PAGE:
Three of Peet's books feature the fictional South American sports journalist Paul Faustino (and football). Peet's debut novel Keeper, which is primarily a world-champion goalkeeper's life story in the course of an interview. Keeper, The Penalty, and Exposure all feature Faustino and South American football players. When he won the 2009 Guardian Award for the Othello-based Exposure, he told the sponsoring newspaper he had felt that 'football books for children were "pretty much hey"'. Also, "I used to play all the time. I would play football when it was light and read when it was dark. Now I get to play football vicariously."[4]

Peet described his creative occupation thus: "I come up here in the morning to a pleasant room in the roof of my house and imagine I'm a black South American football superstar, then I have to imagine I'm a female pop celebrity who's pregnant. It's a completely mad way to spend your time. If I did it in public I would be sectioned. Writing is a form of licensed madness."[4]

The Murdstone Trilogy (2014) represents a departure for Peet, being aimed at adult readers.

Selected works[edit]

  • Cloud Tea Monkeys (Ragged Bears, 1999), written by Elspeth Graham and Peet, illustrated by Alan Marks —"based on a Chinese folktale"[6]
  • Keeper (Walker, 2003)
  • Tamar (Walker, 2005)
  • The Penalty (Walker, 2006)
  • Exposure (Walker, 2008)
  • Cloud Tea Monkeys (Walker, 2010; New edition) —by Graham and Peet, illus. Juan Wijngaard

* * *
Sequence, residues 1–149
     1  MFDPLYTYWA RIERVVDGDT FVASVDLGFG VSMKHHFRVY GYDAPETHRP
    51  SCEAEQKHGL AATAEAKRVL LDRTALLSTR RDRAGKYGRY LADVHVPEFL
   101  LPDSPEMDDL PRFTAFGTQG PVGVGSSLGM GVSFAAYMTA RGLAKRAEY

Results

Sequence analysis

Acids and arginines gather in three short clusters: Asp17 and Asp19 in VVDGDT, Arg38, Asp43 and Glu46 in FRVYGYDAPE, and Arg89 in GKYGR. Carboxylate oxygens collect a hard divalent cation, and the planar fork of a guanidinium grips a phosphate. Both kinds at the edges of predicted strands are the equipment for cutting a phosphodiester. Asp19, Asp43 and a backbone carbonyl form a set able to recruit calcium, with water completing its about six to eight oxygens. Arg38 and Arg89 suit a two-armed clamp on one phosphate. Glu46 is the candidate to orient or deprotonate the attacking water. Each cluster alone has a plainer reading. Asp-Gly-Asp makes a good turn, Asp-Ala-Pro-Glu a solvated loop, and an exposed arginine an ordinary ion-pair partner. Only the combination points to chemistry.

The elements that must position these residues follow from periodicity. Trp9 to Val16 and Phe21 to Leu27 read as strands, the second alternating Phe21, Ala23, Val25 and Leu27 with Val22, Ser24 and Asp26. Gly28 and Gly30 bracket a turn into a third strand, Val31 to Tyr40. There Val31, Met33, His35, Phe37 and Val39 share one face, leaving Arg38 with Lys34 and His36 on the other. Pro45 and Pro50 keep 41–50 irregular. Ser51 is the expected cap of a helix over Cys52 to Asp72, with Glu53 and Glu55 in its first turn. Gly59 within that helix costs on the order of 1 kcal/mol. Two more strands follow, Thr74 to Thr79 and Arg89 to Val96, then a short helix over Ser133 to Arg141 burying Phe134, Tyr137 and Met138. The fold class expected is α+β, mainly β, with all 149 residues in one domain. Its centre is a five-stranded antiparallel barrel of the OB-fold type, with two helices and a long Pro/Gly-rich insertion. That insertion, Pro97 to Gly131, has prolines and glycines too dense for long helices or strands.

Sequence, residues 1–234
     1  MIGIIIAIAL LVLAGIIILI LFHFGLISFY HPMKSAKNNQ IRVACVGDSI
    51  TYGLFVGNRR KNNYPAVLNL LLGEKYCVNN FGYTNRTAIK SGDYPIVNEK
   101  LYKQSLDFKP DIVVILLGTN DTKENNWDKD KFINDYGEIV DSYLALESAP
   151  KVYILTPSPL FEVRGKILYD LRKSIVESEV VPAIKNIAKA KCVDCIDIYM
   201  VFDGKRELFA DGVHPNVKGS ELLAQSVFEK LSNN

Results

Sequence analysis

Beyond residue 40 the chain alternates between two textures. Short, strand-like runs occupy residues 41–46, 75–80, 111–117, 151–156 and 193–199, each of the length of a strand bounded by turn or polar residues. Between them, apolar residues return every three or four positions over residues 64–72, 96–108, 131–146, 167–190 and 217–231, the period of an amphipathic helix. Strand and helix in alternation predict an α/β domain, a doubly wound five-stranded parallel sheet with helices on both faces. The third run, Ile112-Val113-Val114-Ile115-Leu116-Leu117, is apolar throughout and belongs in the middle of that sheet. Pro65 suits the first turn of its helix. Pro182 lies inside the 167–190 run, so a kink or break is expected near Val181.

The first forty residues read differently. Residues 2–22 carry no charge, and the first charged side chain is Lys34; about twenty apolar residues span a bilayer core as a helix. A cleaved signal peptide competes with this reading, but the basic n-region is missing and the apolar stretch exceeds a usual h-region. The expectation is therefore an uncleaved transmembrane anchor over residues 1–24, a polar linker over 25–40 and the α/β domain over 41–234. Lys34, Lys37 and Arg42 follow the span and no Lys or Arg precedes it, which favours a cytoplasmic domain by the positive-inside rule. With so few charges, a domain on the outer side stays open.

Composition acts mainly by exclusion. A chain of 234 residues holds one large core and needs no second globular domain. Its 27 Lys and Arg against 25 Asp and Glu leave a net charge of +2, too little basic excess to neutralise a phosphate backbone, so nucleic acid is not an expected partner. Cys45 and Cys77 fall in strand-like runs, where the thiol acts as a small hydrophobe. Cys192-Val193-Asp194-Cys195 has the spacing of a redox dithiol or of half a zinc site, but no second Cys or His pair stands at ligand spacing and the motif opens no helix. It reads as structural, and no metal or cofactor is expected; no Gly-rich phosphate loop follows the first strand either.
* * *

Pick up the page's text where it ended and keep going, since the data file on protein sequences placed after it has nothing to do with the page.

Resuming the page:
• Life: An Exploded Diagram (Walker, 2011)
  • The Murdstone Trilogy (David Fickling Books, 2014)


Beside the Branford Boase Award, Keeper was bronze runner up for the Smarties Prize in ages category 9–11 years and made the Hampshire Book Award shortlist.

See also[edit]


  1. ^ Mal Peet. Walker Books. Retrieved 5 July 2011. Archived 5 July 2011.
  2. ^ Goodnow, Cecilia. "A powerful late start for young-adult book author Mal Peet". Seattle Post-Intelligencer. 2 March 2007. Retrieved 5 July 2011. Archived 5 July 2011.
  3. ^ a b Mal Peet at British Council: Literature. Retrieved 5 July 2011.
  4. ^ a b c "Mal Peet wins Guardian children's fiction prize: A version of Othello which casts the Moor of Venice as a South American football star wins Mal Peet the 2009 Guardian children's fiction prize". Alison Flood., 8 October 2009. Retrieved 16 June 2012.
  5. ^ Bradbury, Lorna. "A writer's life: Mal Peet". The Daily Telegraph. 16 July 2006. Retrieved 5 July 2011. Archived 5 July 2011.
  6. ^ a b "CLOUD TEA MONKEYS by Mal Peet ...". Kirkus Reviews 15 February 2010. Retrieved 2012-11-24.
  7. ^ a b (Carnegie Winner 2005). Living Archive: Celebrating the Carnegie and Greenaway Winners. CILIP. Retrieved 8 August 2012.
  8. ^ a b "Press releases for the 2005 Awards, presented in 2006". Press Desk. CILIP. Retrieved 24 November 2012.
  9. ^ a b Guardian children's fiction prize 2009 (top page). theguardian. Retrieved 8 August 2012.
  10. ^ "Guardian children's fiction prize relaunched: Entry details and list of past winners". 12 March 2001. Retrieved 8 August 2012.
  11. ^ For reviews, see:

External links[edit]